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US presidential candidates clash over Middle East peace process

US presidential candidates are offering substantive differences when it comes to Israel policy.
The remaining Republican U.S. presidential candidates, (L-R) Governor John Kasich, former Governor Jeb Bush, Senator Ted Cruz, businessman Donald Trump, Senator Marco Rubio and Dr. Ben Carson pose before the start of the Republican U.S. presidential candidates debate sponsored by CBS News and the Republican National Committee in Greenville, South Carolina February 13, 2016. REUTERS/Jonathan Ernst  - RTX26TL7

Two of the top Republican candidates for president favor recognizing West Bank settlements as part of Israel, a sharp break with decades of US policy that could either revive or bury the moribund Oslo peace process.

The hawkish stance is one of several controversial proposals floated during the 2016 race, which has moved far beyond the usual bipartisan boilerplate support for Israel. The debate underscores the increasingly polarized nature of US relations with Israel over the past few years, even if the follow-through from campaign rhetoric to presidential order remains an open question.

Sens. Ted Cruz, R-Texas, and Marco Rubio, R-Fla., this month were the first to co-sponsor legislation that would allow goods from the West Bank and Gaza to be labeled as “Made in Israel” in response to the Obama administration’s recent reaffirmation of long-standing US policy on the matter. The bill from Sen. Tom Cotton, R-Ark., is the most transparent attempt to date to conflate settlements with Israel, an idea that has been gaining traction in Congress over the past year.

“[Cruz] considers Israel a sovereign nation,” his national security adviser, Victoria Coates, told Al-Monitor. “Obviously there are disputed territories in Israel — there are disputed territories in Morocco, and India, and China and lots of other places — but that doesn’t mean any element in the country is somehow not Israel.”

Cruz, like Rubio, has referred to the disputed West Bank territories by the biblical Hebrew names Judea and Samaria and argued that the United States should not treat the Israelis and the Palestinians as morally equivalent. Instead, Coates said, the US should empower Israel and allow it to deal with the Palestinians on its own terms, if they ever decide they want to make peace.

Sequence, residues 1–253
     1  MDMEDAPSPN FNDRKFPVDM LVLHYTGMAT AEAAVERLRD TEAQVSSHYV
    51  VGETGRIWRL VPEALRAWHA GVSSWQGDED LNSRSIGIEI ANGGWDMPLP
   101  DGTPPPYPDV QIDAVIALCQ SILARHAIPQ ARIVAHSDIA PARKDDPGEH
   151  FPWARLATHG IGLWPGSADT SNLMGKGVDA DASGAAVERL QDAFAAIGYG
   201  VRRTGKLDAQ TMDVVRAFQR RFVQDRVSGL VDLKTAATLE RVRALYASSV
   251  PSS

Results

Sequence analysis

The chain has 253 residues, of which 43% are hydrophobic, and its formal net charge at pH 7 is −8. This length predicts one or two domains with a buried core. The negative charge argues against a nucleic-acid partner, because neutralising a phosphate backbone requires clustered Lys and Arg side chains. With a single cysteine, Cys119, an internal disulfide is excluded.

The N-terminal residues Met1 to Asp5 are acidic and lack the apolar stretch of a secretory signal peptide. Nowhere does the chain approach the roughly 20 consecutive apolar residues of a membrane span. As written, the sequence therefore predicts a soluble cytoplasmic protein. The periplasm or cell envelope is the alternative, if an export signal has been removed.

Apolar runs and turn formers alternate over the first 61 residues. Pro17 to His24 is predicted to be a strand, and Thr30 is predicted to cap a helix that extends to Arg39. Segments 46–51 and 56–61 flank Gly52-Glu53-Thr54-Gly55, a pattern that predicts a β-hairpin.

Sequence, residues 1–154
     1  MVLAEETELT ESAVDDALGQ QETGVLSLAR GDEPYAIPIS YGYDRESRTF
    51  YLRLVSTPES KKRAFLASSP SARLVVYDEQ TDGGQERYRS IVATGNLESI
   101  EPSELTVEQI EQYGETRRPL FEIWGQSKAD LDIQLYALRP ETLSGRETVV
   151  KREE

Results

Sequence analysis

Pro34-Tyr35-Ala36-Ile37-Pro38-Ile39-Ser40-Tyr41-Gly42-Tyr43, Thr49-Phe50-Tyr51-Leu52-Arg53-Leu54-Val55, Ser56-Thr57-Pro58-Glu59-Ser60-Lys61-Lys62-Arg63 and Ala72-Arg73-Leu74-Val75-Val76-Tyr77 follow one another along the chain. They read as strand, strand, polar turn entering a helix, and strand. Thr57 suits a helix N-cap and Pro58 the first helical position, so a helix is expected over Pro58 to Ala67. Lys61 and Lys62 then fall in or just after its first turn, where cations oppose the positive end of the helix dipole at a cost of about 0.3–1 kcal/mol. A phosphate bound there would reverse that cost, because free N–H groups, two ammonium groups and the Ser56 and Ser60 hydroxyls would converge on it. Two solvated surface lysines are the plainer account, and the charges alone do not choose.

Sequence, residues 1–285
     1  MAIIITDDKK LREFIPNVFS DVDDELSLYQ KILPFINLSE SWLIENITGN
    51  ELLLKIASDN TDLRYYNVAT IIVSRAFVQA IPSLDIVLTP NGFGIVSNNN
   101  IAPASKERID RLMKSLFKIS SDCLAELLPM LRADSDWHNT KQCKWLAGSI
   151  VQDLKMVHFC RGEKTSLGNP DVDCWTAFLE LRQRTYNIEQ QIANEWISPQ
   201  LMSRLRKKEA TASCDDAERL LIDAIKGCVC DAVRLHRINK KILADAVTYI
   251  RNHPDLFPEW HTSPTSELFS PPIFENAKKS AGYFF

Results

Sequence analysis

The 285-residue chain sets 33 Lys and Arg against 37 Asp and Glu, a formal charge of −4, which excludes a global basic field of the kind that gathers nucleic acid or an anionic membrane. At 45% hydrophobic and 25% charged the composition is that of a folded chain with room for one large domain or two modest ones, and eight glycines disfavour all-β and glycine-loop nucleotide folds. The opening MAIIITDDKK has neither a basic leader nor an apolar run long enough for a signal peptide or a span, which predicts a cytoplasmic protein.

“As the Oslo process has broken down, I think [Cruz’s] view is that it is not beholden on the Israelis to carry that on by themselves absent committed Palestinian participation,” she said. “His feeling is that this is an issue for the Israelis to settle internally, and not one that should be subject to international arbitration. That’s why he’s been so aggressive on the labeling issue.”

Predictably, the Palestinians have an opposite viewpoint.

Cotton’s bill, the Palestinian Liberation Organization’s delegation to Washington said in a statement, shows a “complete disregard of decades of longstanding Democratic and Republican policy to separate Israel from its illegal settlement enterprise.”

“Legitimizing Israeli settlements further strengthens radical settlers, incites them to commit more violence against Palestinians and prolongs the almost half-century old Israeli brutal military occupation of the Palestinian People,” the statement says. “The General Delegation of the PLO to the United States rejects all attempts to conflate Israel with Occupied Palestinian land that aim [to] destroy the possibility of the two state solution and the future viability of a Palestinian state.”

The two Democratic candidates, Hillary Clinton and Sen. Bernie Sanders, I-Vt., appear highly unlikely to follow the Cruz-Rubio route.